Weekend Update

A quick Saturday digest of cybersecurity news articles from other sources.

Microsoft inches closer to commercially-viable quantum computing

Microsoft’s quest to create a powerful quantum computer comes closer to reality with the help of an elementary particle.

Cobalt/Carbanak bank malware gang’s alleged leader arrested

These hackers have made ATMs across Europe spit out cash upon command.  This is a fascinating crime spree spanning 5 years, and originally revealed by Brian Krebs.  Worth a look.

Tracking protection in Firefox for iOS now on by default – why this matters

Turning it on by default might sound like a mere tweak, but its the first version of the browser to do this without the user having to consciously turn it on.

We have been reporting about the strides Firefox has been making to head to the front of the class regarding privacy and security.  This is another great example.

Ongoing Threat of Ransomware

04/09/2018 08:38 PM EDT  Original release date: April 09, 2018

NCCIC has observed an increase in ransomware attacks across the world. Ransomware is a type of malicious software, or malware, designed to deny access to a computer system or data until a ransom is paid. Ransomware typically spreads through phishing emails or by unknowingly visiting an infected website.

Ransomware can be devastating to an individual or an organization. Anyone with important data stored on their computer or network is at risk, including government or law enforcement agencies and healthcare systems or other critical infrastructure entities. Throughout different ransomware events, NCCIC’s best practices and guidance remain the same:

  • create system back-ups
  • be wary of opening emails and attachments from unknown or unverified senders
  • ensure that systems are updated with the latest patches

NCCIC encourages users and administrators to review its Ransomware page and the U.S. Government Interagency Joint Guidance for further information.

Russia’s Grizzly Steppe gunning for vulnerable routers

Russian Government hackers stand accused of targeting millions of routers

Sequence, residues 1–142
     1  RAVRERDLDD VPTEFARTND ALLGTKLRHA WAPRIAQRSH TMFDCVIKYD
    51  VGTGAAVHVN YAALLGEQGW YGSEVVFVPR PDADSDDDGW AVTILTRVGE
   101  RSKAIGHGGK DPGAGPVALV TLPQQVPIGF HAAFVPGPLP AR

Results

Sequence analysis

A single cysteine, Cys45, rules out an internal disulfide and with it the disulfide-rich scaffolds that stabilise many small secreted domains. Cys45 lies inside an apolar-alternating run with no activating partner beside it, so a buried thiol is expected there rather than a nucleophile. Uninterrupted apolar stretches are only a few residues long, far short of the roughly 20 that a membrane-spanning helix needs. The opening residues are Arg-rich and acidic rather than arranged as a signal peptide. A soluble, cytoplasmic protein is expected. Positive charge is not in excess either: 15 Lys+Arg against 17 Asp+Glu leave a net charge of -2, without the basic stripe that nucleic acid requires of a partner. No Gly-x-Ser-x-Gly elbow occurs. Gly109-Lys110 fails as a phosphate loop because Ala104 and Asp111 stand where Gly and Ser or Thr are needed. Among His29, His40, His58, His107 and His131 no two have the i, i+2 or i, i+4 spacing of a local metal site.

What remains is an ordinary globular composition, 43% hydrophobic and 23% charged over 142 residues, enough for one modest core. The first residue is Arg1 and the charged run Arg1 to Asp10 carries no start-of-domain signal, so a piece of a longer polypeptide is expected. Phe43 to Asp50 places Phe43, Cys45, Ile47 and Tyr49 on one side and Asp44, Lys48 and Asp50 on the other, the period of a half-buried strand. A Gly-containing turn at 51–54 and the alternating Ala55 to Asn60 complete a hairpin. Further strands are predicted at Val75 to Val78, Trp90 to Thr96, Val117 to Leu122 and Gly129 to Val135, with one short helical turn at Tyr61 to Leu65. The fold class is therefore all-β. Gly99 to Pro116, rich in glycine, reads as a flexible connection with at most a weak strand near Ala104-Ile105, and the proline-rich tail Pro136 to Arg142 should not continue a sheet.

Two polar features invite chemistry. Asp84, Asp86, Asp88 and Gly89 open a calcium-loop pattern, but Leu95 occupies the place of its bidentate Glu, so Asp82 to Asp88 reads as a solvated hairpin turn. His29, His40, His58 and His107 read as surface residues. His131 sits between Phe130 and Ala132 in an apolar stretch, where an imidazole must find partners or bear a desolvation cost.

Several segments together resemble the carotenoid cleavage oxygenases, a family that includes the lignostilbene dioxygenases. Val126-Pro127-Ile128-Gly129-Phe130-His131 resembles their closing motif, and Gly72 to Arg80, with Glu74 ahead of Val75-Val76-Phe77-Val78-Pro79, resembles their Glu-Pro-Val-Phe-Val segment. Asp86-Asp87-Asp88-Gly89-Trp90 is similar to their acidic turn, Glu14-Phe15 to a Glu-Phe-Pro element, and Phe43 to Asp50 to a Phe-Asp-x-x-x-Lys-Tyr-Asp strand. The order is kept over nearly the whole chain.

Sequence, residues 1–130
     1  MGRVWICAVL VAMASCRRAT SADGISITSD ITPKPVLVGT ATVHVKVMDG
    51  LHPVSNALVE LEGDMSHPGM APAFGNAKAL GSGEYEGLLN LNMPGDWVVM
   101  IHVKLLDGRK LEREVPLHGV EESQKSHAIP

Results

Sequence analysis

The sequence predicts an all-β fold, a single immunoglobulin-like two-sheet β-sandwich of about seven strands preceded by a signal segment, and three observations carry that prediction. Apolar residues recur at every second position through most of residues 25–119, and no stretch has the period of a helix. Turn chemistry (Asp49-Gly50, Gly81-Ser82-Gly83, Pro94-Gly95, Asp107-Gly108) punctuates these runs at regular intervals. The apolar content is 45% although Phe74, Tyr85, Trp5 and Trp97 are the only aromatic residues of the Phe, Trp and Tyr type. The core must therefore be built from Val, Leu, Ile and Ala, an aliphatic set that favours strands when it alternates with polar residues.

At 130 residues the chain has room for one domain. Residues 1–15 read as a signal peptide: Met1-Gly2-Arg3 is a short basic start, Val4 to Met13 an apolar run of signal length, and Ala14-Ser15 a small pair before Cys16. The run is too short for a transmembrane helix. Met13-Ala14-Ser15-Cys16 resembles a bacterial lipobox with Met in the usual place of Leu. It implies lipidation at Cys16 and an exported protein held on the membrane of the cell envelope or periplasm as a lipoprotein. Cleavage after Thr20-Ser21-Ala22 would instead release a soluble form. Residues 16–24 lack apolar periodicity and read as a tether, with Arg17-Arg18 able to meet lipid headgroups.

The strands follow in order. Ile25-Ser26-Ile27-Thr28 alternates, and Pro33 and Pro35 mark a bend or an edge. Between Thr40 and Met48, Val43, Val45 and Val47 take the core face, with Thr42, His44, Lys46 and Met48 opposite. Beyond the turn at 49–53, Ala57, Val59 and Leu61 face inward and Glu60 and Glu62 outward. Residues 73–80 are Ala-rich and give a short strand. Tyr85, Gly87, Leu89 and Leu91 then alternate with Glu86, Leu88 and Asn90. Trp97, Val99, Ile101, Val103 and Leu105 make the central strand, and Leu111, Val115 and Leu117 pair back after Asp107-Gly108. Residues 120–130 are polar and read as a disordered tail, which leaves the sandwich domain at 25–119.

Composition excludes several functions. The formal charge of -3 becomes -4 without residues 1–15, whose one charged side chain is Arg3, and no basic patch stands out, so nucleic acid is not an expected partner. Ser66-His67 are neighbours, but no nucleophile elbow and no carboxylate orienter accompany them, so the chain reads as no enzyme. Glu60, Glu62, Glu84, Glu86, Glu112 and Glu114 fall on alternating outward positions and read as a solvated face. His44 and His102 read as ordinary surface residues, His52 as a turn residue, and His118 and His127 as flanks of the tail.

Russian Malicious Cyber Activity

04/16/2018 12:01 PM EDT  Original release date: April 16, 2018

The Department of Homeland Security (DHS), Federal Bureau of Investigation (FBI), and the United Kingdom’s (UK) National Cyber Security Centre (NCSC) released a joint Technical Alert (TA) about malicious cyber activity carried out by the Russian Government. The U.S. Government refers to malicious cyber activity by the Russian government as GRIZZLY STEPPE.

NCCIC encourages users and administrators to review the GRIZZLY STEPPE – Russian Malicious Cyber Activity page, which links to TA18-106A – Russian State-Sponsored Cyber Actors Targeting Network Infrastructure Devices, for more information.

TA18-106A: Russian State-Sponsored Cyber Actors Targeting Network Infrastructure Devices

04/16/2018 01:25 PM EDT



About the Author:

Cybersecurity guru to business owners in the St Paul, Minneapolis, and western Wisconsin area. Computer security and hacking have been a passion of mine since I entered the computer and networking business in 2000. In 2013 I completed a course of study and certification exam to become a Certified Ethical Hacker (CEH). In 2016 I was certified as a Certified Information Systems Security Professional (CISSP). As Cybersecurity Analyst at The WyzCo Group, I help our clients experience high levels of computer security, network security, and web site security. In addition to consulting on security products and services, we also conduct security audits, vulnerability assessments and full penetration tests. We also provide Cybersecurity Awareness Training for clients and their employees. We also work with companies and organizations that need to certify compliance with regulations such as PCI-DSS (credit card processing), HIPAA/HITECH (medical records), and GLBA. The views expressed on this Web site are mine alone and do not necessarily represent the views of my employer.
  Related Posts

Add a Comment

This site uses Akismet to reduce spam. Learn how your comment data is processed.